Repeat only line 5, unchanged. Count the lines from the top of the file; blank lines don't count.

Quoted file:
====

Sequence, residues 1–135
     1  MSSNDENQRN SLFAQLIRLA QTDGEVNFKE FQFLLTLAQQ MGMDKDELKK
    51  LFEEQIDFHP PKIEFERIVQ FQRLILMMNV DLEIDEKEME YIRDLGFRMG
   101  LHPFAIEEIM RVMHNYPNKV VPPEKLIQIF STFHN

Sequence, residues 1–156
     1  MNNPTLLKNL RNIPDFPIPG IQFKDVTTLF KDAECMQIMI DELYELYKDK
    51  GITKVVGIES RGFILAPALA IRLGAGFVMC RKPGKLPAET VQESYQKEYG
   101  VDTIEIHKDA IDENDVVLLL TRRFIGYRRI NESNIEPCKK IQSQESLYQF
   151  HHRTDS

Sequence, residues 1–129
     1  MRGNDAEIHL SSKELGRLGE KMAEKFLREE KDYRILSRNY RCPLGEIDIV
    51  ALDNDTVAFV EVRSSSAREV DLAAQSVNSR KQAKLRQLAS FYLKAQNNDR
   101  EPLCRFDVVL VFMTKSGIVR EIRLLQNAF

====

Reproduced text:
Sequence, residues 1–156